Elliot Neck on the GRAFT costume design

2016-06-11_11-59-52

Elliot Neck / Designer, Graft

Elliot Neck’s Dance diploma from MainDance in the early ‘90s led him into Technical Theatre. His engagement with puppetry, fire and stilting performance, developed extensively during his years as Production Manager of Public Dreams Society. Subsequently he took his fire training and has been working in the Fireworks industry for 18 years, with the Celebration of Light, as Production and Account Manager for Concept, and designing and choreographing fireworks to music. These days, Elliot is working in Film (props). The field of props deals with the physical world – all of it – spanning everything the actors touch, and drawing on the many strands of his background.

 

The collaboration with Jennifer has been awesome. I really like the way Jennifer looks at movement and space around the dancer.  In this work, she’s trying to make the space around the body a lot more palpable by having it articulated with these larger pieces. I appreciate how she is always trying to improve and grow ideas.

My role starts with “We want it to do this but these materials don’t do that.”   My expertise is in seeking out the right thing, within constraints of the budget and time. My focus was on the limitations of the materials used.  The goal is that the idea rings true.

Identifying and finding the right types of materials and the means to affix, hold it all together so the idea can ring  is really fun.  In the course of the work I do,  because of the unusual building of structures in Public Dreams Society, and now, in the Props field –I’m  exposed to a great many  different items and sources.  My task was identifying and testing out materials, a la Goldilocks: “This one’s just right – but when she does this movement,  it scrapes across the floor.  Let’s try….”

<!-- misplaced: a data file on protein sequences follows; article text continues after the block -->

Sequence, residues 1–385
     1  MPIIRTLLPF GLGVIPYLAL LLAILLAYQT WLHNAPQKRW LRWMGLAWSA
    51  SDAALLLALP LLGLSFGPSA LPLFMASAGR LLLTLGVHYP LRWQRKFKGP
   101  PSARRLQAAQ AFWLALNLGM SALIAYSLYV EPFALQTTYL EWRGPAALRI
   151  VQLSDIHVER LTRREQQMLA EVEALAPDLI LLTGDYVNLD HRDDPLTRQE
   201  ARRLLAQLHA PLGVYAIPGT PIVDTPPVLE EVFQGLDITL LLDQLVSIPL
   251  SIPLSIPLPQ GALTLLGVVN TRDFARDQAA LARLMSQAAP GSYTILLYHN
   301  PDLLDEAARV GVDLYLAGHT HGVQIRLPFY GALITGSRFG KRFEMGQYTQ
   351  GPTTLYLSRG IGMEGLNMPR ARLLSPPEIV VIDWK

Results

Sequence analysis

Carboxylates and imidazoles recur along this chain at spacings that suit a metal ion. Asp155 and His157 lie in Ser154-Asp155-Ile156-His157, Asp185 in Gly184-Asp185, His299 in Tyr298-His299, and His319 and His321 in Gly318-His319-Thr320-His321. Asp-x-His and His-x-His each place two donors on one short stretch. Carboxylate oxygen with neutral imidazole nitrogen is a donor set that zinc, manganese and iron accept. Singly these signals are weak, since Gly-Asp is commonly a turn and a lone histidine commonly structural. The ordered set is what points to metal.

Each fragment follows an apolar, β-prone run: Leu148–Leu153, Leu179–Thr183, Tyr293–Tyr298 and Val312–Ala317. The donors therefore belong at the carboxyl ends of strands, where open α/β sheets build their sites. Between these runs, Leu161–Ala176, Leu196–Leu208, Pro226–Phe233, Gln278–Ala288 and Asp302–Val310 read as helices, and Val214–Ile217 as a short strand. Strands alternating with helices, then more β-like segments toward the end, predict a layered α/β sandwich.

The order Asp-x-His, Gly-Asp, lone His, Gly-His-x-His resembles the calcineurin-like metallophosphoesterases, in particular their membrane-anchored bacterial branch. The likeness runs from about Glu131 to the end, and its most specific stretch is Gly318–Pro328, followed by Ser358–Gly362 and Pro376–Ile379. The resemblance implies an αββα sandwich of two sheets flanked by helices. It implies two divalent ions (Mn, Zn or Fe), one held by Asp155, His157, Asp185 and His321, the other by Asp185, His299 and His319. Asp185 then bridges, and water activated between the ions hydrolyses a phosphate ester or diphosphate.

We used a substance, a polycarbonate called Lexan, which generally doesn’t maintain a memory. You can bend it quite a lot and it doesn’t show. It’s very strong, in fact bulletproof as it gets thicker – and very expensive. A 4by8 piece can cost $250-300. Fortunately, we needed only 4-5 strips. This kind of  material sourcing depends on  things like the timing of building offcuts, and so on. So much depends on your application when you go into a commercial plastic supplier.  “Are you building a clear, transparent podium?” ” No, thin strips that wiggle.”  Etc.  .

Something I find great with choreographers is that in working with performers, a compromise is always sought between the idea and the possible.  Remounting on different performers – that’s not so easy – so there is a discovery of the possible. And, through the way the design responds differently to each performer and movement range, the materials themselves open up what can be done next.

And it has to be comfortable to wear.  Questions like “What will support the headpiece the most, but still have a streamlined look and be versatile?” Once it moves to the sewing stage it costs money – the more informed the strategy, the better

There’s a sense of the performer’s energy carrying on well past physical form. The objects act as amplification – magnifying gesture and detail.  In this costume, there’s the fragility of the units coming off the back.  So small that at first you cant see them, the line off the back responds and exposes each nuance. It can show the audience that there’s something more going on than is visible.

The straightening of the spine doesn’t end at the head, it continues up 8 feet in the pieces attached to the hat – the top of the spine – as her posture shifts.   It brings that awareness outside the body.  From my perspective,  when simple every day movement, which is so efficient, is conveyed this way, it is particularly eloquent.   It is so fluent and pure – movements of every day life which embody that fluency.

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